The killing of Osama bin Laden has revived the old debate about whether or not torture works. The painting above is for a recent article in The Washington Post titled "Torture-lite:It's wrong, and it might work", which goes into detail about the thinking that went into implementing these techniques soon after 9/11.
With a decade of wars and the killing of Bin Laden, I thought I'd take this moment to look back and show some of the work I've done over these years. I visit schools often but don't see much politically oriented work being created by the students. I'm sometimes asked by students how my work developed, or how I got into doing this kind of work.I’ve met a couple of foreign students who have told me that their interest in politics or displays of their ethnicity is discouraged, that they are often encouraged to pursue a more commercial or decorative direction in their work.I found this to be odd advice so I thought some of this might help others that may be trying to find a direction.
My interest in politics started early. I was always interested in following current events and was into subjects like European history in high school. Since my family was affected by dictatorship, Communism, etc., I think I was trying to make sense of all of that at an early age. While in high school, I was looking for college scholarships and found one sponsored by TIME magazine. I applied, which basically consisted of illustrating a hypothetical TIME cover, and won the competition, which gave me some money for college. Along with the scholarship, I got a free subscription to TIME and started getting the magazine every week. My parents didn't subscribe to any news or English language magazines at our house so this was a big deal for me. I just started reading more and more about current events and became very interested in the artwork that showed up in the magazine.
At my college library, I came across another magazine called The Progressive, which was art directed by Patrick J.B. Flynn.All of the work in The Progressive was very inspiring.I ended up sending copies of my drawings to Patrick and he gave me one of my first assignments while I was still in college.I studied abroad for a summer and traveled around Europe for the first time.My interest in history, politics, and current events continued.I kept sketchbooks on my travels and some of those drawings became part of my portfolio.When I was looking for a design job, I ended up getting in touch with Steve Conley, an art director at TIME magazine.I showed him my drawings and design work, and began working there as a designer.Over the years, some of the art directors on the TIME staff began giving me illustration assignments and this kind of work developed further.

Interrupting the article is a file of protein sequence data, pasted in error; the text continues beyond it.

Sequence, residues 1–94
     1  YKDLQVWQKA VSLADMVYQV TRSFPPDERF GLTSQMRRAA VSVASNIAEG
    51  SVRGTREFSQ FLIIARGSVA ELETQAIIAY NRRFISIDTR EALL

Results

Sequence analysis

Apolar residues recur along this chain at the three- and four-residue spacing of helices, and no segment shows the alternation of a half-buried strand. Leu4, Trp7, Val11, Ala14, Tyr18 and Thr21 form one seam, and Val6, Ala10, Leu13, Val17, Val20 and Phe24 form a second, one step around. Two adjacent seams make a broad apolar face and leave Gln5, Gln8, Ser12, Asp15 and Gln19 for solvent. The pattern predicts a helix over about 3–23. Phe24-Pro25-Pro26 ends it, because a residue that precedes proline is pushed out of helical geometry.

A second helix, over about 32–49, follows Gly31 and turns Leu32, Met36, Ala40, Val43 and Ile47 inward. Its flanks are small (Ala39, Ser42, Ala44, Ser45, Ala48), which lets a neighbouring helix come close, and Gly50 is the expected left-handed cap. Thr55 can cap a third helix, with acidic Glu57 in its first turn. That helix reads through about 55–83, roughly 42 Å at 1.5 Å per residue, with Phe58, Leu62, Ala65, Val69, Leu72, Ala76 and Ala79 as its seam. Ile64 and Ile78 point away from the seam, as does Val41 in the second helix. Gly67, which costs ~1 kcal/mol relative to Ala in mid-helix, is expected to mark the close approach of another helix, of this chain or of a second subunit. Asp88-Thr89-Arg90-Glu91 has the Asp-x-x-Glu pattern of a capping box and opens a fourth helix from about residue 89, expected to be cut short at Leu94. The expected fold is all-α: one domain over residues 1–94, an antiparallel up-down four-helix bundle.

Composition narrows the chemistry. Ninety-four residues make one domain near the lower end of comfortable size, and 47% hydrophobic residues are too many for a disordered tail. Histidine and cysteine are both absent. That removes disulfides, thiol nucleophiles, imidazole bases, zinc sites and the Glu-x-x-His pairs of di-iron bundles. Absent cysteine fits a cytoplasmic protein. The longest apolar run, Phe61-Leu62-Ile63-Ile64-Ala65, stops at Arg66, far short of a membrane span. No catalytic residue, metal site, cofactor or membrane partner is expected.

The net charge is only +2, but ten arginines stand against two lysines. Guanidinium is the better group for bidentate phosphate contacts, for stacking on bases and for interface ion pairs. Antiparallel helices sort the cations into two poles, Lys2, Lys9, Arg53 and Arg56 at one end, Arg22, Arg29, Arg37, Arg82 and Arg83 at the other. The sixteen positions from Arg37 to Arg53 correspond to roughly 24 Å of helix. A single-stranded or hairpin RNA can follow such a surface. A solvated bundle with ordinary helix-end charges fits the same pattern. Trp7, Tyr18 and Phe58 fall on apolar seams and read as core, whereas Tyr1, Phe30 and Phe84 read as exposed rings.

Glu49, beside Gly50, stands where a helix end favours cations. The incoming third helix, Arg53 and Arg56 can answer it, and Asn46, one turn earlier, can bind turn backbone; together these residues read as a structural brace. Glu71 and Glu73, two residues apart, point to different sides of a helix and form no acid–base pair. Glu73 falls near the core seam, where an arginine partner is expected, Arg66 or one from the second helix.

An unexpected result of all of this was that I began to get book cover and film poster assignments for stories that dealt with the intersection of religion, war, immigration and other cultural issues.
My first portrait of Osama Bin Laden was around 1998 for TIME's Spotlight page, which was being art directed by Ken Smith. This was sometime after the bombings of the embassies in Kenya and Tanzania. Bin Laden's name had come up as a possible suspect in the bombings, though people were not very aware of him at the time. There wasn't even much photo reference on him so I had to make up a lot of his features. As a result of being a suspect in the bombings, Bin Laden was thrown out of Sudan, where he had lived for a few years. He left Sudan and sought refuge in Afghanistan with the Taliban.
During the weeks after 9/11, attention shifted to Afghanistan. The U.S. was trying to negotiate with the Taliban into turning over Bin Laden. No one was clear on who the leader of the Taliban was, and rumors of a blind fighter started to circulate toward the end of the week. This was Mullah Muhammad Omar and I was asked to turn around another spotlight for TIME overnight. There were no photographs of him at all, so I had to make him up based on a very rough description of what he might look like.
After the invasion of Afghanistan, the Taliban went into hiding and bombings became the norm in Kabul. This was for an Op-Ed in The New York Times
In the Spring of 2004, TIME published a Special Issue, a listing of the world's most influential people at that time. This was my second Bin Laden portrait, published in that issue.
After the U.S. invasion of Iraq, Al Qaeda, under the leadership of Jordanian Abu Musab al-Zarqawi, began a series of bombing campaigns, kidnappings and beheadings throughout the country. This portrait of Zarqawi was also published in TIME's special issue.
A spread for Foreign Policy magazine
Cover for TIME from 2003, soon after the invasion of Iraq.
A cover for The New Republic, after the capture of Saddam Hussein
Al Qaeda in Iraq, for Foreign Policy magazine
Muqtada al-Sadr, head of the Shia Mahdi army that fought against the Americans in Iraq, for Foreign Policy magazine
In 2006, Abu-Musab al Zarqawi was killed in Iraq. I had an idea of doing a portrait of him out of sand, sort of blowing away or disappearing. I worked with sand over a piece of paper under a camera setup in one of the photo studios at the magazine. We photographed it and put a cover together. This was unpublished, the magazine ended up going with Tim O'Brien's cover of the "X" over Zarqawi's portrait.
The treatment of prisoners in Guantanamo for the Harvard Law Bulletin
Torture memos and finding an exit strategy for articles in The New York Times
Newsweek cover, after the death of Osama Bin Laden
for The New York Times, the day after the death of Bin Laden